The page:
The dolphins being held for captivity of course witness the slaughter of their own family. When you have heard the vocalisations of these wonderful animals in a family group and witnessed how protective they are of each other, you realise that this must be suffering beyond imagining. Then they are dragged through the blood and faeces stained water their brothers, sisters, mothers, fathers were slaughtered in as by the time they have been strapped to the side of a transport skiff no amount of PR-driven blood-stemming can have kept the waters clean.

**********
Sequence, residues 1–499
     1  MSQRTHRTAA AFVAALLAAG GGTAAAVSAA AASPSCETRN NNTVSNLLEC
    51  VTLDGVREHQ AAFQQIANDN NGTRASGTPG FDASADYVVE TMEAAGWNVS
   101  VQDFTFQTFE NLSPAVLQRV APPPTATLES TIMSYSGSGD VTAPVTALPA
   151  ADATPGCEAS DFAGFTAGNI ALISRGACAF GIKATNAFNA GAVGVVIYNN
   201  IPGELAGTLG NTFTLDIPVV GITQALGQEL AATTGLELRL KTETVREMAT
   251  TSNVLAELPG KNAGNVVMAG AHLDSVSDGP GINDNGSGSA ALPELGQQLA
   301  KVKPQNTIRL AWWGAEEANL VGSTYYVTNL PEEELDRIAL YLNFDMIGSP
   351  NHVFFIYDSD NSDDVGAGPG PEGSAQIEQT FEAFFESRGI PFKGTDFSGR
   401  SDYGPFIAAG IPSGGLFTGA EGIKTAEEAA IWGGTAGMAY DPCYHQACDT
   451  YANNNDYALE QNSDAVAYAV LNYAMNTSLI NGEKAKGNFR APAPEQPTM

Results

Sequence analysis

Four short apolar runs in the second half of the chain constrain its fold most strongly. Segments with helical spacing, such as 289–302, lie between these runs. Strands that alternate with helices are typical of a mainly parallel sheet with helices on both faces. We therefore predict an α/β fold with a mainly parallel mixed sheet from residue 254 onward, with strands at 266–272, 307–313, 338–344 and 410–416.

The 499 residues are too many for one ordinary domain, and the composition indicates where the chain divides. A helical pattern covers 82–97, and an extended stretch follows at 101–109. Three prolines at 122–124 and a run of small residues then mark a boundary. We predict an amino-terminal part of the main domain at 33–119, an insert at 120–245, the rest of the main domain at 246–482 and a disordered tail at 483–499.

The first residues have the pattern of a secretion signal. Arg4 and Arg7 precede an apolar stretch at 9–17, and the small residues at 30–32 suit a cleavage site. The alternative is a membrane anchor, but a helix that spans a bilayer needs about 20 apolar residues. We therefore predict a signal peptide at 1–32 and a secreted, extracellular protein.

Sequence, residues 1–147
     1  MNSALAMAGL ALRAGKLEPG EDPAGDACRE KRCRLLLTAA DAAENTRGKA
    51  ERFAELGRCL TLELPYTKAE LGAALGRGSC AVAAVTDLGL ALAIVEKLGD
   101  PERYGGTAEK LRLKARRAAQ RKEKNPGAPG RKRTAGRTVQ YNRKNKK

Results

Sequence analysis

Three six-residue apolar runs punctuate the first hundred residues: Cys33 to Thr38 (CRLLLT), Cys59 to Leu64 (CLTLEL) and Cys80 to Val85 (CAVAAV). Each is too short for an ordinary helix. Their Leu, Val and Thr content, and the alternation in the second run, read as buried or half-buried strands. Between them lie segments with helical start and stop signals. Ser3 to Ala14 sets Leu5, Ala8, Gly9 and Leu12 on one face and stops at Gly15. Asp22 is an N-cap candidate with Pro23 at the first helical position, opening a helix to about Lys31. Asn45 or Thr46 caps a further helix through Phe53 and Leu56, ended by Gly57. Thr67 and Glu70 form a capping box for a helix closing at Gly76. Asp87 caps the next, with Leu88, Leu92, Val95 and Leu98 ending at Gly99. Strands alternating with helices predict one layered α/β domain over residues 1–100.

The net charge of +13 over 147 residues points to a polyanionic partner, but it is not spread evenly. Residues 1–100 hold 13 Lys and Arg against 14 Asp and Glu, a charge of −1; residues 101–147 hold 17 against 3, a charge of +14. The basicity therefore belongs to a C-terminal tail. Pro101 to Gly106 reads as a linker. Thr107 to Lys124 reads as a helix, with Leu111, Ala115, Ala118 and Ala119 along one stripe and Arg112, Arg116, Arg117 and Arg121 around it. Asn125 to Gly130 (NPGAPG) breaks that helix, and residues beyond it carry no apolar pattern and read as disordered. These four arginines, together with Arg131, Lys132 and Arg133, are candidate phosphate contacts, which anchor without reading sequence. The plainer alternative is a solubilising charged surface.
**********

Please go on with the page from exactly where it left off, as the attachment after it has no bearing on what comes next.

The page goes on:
After being driven, held in canvass, strapped to the side of a skiff for roughly a nautical mile the confused, scared animals are then wrestled into a holding pen in Taiji harbour for the first stage of converting them to a docile captive. This is necessary because the captive industry has a problem they don’t want you to know about – wild dolphins do not eat dead fish. Their natural behaviour is to ignore it completely. They have to be taught to eat dead fish and they are taught by a long, gradual process which starts with force-feeding.